In 2016, the Central African government decided to shut down all displacement sites in Bangui, the capital of the country. As a result, internally displaced people living there were forced to return to their areas of origin.
Objective: The Afghanistan Community Engagement Working Group (CEWG) will provide technical and coordination support to promote the integration of community engagement and accountability into the programme cycle in Afghanistan to promote informed decision making on behalf of response providers and affected populations.
Stakeholders: Communities affected by conflict, natural disaster and/or development issues; Humanitarian Partners; Development Partners; Government; Private Sector (media, telecoms)
Community engagement is the process of and commitment to sharing timely, relevant and actionable information to enhance informed decision making on the part of both affected populations and responders. A community engagement approach to humanitarian and development programming and operations ensures appropriate communication channels capture and disseminate information and feedback, ensuring communities guide and participate in the response, the promotion of accountability, and the enhancement of relevant and timely programming.
Este informe proviene de una iniciativa del Grupo de Protección Regional del REDLAC para NCA, liderado por el Consejo Noruego para Refugiados y apoyado por ACNUR. El objetivo es mejorar el análisis y visibilización de la crisis de protección en el Norte de Centroamérica.
This report, led by the Norwegian Refugee Council and supported by UNHCR, stems from an initiative of the REDLAC Regional Protection Group and aims to improve the analysis and visibility of the ongoing protection crisis in the North of Central America. The analysis is based on a series of qualitative and quantitative indicators on violence and displacement, using as primary sources inputs from operational organisations based in the region and official statistics, as well as reports from a wide range of press, academia and civil society.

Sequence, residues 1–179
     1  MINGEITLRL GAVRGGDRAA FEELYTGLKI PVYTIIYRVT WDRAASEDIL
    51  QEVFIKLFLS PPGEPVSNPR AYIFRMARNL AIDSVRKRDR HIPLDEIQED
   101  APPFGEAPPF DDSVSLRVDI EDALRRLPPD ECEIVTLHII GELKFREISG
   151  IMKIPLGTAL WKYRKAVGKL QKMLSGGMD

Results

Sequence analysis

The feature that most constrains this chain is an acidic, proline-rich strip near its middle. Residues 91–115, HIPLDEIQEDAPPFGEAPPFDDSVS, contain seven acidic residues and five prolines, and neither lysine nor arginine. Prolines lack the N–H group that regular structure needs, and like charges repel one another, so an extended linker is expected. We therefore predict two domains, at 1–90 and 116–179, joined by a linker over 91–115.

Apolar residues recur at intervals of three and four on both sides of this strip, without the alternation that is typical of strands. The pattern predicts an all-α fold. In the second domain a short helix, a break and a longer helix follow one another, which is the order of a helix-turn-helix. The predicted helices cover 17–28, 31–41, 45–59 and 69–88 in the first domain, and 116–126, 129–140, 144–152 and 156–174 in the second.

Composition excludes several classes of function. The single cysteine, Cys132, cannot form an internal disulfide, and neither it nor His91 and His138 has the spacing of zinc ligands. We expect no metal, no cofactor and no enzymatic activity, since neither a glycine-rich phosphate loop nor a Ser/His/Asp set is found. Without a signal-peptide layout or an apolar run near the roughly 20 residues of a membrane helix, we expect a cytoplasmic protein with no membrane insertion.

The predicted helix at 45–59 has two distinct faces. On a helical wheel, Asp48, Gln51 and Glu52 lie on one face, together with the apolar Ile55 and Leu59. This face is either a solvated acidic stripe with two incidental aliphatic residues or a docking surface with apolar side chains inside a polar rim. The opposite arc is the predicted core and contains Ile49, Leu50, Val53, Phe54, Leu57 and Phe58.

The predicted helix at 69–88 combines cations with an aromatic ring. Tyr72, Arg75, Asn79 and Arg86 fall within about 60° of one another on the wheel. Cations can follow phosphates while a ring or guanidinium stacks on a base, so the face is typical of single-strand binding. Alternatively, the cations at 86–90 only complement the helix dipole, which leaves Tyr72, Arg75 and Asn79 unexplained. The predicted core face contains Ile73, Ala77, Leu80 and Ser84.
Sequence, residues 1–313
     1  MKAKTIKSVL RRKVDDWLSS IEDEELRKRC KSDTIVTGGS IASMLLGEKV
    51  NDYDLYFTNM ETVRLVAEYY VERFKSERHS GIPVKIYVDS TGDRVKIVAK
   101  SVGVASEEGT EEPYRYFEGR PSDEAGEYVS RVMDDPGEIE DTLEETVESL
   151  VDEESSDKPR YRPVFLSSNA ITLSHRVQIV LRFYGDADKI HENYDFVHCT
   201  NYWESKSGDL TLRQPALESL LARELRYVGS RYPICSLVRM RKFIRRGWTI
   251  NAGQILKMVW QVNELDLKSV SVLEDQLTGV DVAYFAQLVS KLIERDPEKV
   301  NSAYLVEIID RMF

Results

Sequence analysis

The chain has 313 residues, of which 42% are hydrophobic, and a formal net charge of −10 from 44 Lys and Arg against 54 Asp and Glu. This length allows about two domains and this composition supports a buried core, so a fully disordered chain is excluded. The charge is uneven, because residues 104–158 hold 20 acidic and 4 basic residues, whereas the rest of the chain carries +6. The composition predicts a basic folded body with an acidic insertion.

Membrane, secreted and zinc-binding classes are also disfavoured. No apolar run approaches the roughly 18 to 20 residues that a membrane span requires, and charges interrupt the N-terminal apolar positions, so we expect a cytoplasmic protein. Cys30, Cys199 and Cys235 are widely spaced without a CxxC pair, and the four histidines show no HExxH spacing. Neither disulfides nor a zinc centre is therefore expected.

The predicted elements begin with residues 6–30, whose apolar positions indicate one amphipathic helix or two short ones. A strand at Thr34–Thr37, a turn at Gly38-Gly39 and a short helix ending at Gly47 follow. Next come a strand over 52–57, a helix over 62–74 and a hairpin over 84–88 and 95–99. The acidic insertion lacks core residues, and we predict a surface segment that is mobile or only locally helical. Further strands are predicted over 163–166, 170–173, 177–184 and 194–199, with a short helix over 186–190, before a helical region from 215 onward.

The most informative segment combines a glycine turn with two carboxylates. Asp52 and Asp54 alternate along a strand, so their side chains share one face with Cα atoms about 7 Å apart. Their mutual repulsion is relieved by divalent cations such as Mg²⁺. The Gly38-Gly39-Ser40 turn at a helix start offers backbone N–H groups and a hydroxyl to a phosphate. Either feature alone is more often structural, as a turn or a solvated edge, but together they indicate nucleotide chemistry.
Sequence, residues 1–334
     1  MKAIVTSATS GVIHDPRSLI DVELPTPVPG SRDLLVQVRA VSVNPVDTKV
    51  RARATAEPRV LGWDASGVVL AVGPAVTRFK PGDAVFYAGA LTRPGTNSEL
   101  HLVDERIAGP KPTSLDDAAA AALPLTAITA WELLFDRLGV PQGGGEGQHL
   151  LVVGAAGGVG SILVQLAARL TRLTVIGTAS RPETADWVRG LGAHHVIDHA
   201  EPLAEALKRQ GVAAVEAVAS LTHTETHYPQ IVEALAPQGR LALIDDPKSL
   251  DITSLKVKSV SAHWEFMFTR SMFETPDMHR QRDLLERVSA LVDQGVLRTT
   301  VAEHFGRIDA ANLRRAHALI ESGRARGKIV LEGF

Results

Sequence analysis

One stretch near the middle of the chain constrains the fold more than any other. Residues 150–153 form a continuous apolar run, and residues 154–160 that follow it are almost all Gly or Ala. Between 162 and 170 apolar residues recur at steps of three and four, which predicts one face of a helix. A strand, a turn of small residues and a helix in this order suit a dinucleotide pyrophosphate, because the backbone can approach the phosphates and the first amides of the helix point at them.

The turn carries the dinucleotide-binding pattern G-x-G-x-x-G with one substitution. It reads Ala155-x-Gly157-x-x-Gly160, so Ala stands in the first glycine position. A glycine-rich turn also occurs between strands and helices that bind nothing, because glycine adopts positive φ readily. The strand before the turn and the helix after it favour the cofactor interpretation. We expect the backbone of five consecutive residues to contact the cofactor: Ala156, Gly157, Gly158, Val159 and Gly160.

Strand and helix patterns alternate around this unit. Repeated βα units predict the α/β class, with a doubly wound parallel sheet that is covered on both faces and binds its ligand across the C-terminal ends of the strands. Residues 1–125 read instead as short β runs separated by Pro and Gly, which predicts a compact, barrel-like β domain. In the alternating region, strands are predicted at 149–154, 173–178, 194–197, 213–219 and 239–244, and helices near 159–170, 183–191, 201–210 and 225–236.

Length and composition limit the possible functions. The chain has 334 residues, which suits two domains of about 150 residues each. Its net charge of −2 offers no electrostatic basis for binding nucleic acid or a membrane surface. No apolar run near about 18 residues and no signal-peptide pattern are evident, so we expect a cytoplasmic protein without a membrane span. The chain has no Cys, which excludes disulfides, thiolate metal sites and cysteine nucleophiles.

One year since the Saudi-led Coalition imposed a blockade on sea, land and air routes in Yemen, millions more are edging closer to famine and fatal disease. "The past 12 months have been a never-ending nightmare for Yemeni civilians. The parties to the conflict have consistently disavowed the laws of war and employed tactics that exacerbate suffering for civilian populations," said Jan Egeland,
Secretary General of the Norwegian Refugee Council (NRC).
One of the biggest biometric verification processes ever undertaken has confirmed that Uganda is hosting 1.1 million refugees, by far the largest number in Africa and the third largest worldwide. With the scale of the crisis now confirmed, the international community should ensure the response is appropriately funded. As the end of the year approaches, the 2018 response plan has received just 42% of the required funds.
Uta Henrich | Published 01. Nov 2018
It is one of the crucial questions of aid work: Will people really be better off after receiving help? The Congolese residents of Sherkole camp in Ethiopia’s Benishangul-Gumuz region might have some answers.
“When we crossed the border, we had nothing. We were simply lucky to have escaped.” Emmanuel of the Democratic Republic of Congo is 22. He and his mother arrived Ethiopia in 2007. As we are walking and talking, Emmanuel is propelling himself on crutches. His injury tells the story of why he had to flee from DR Congo.
An estimated 360,000 Congolese have crossed the border from Angola and back into DR Congo during October. Most of them are arriving to Kasai, where the influx aggravates an already dire humanitarian crisis and risks fuelling new conflicts, warned the Norwegian Refugee Council (NRC). "The expulsion of Congolese from Angola over the course of the last month is truly shocking and risk further destabilizing the situation in Kasai," said Ulrika Blom, NRC DR Congo Country Director.